Opening up to legal migration and eliminating certain restrictive return measures (e.g. re-entry bans) might seem detrimental to repatriation policies as they would diminish the coercive capacity and the deterrent effect of these same policies. Paradoxically, however, these measures would make repatriation more effective since they would allow for a better cooperation with the recipients of expulsion orders. A return policy based on the use of coercive instruments, such as detention or restrictive alternatives, is bound to fail insofar as migrants are not offered any alternative or possibility. It discourages migrants from cooperating and it strengthens their resistance, which is sometimes manifested through particularly violent and desperate gestures of those in detention. Therefore, the only way for an effective return policy is to seek and stimulate migrants’ cooperation.
The attempt to involve migrants in a voluntary return process, through the adoption of non-coercive alternatives to detention, is one of the ways forward. However, this practice must be part of a broader macro-policy framework and a more liberal migration policy. Within the current restrictive migration policy framework, even these instruments would not be very effective. Only if someone has “metabolised” the failure of his/her migration project can repatriation support plans work. Differently, when a person does not see prospects for him/herself in the country of origin, the only alternative is to offer him/her the possibility to try entry again in some other way. When someone is forcibly expelled with a long re-entry ban, it takes away all his/her hope and makes it difficult for that person to cooperate. Overall, we can say that the more “porous” the borders are, the more effective the return policy is – vice versa, the more sealed the borders are, the more complicated it is to implement an effective return policy.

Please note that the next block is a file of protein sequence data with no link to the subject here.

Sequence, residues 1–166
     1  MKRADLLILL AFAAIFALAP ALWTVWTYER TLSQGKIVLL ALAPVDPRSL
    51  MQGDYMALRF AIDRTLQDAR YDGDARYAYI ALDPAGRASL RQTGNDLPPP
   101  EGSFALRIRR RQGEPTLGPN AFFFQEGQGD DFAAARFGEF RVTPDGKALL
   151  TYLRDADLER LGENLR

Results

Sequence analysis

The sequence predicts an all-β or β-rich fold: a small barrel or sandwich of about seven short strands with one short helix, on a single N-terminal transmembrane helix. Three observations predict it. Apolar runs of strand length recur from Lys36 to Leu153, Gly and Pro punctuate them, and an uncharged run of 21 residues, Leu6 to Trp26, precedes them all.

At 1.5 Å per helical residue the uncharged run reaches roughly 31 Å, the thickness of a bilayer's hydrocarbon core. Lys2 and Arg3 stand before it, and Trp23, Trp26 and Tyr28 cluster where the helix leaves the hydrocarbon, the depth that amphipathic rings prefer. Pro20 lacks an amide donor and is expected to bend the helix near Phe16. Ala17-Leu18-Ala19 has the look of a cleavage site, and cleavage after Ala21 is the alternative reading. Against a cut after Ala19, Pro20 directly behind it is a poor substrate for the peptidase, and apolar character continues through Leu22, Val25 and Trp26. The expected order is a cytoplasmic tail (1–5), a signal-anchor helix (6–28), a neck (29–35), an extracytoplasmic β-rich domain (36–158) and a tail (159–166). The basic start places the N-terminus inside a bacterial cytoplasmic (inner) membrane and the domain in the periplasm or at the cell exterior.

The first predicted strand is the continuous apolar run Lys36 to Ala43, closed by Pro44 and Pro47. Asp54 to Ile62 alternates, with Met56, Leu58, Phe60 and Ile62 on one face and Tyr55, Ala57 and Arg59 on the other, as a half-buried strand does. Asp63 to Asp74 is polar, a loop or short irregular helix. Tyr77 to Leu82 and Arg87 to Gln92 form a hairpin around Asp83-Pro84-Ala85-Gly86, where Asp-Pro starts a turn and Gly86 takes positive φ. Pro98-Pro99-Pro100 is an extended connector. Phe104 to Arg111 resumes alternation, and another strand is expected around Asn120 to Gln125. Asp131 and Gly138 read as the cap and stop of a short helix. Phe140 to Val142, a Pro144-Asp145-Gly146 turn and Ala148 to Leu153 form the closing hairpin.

Cover photo via “Turin CIE Report Chronicle of a Two Years Long Academic Research” by Manuel Coser.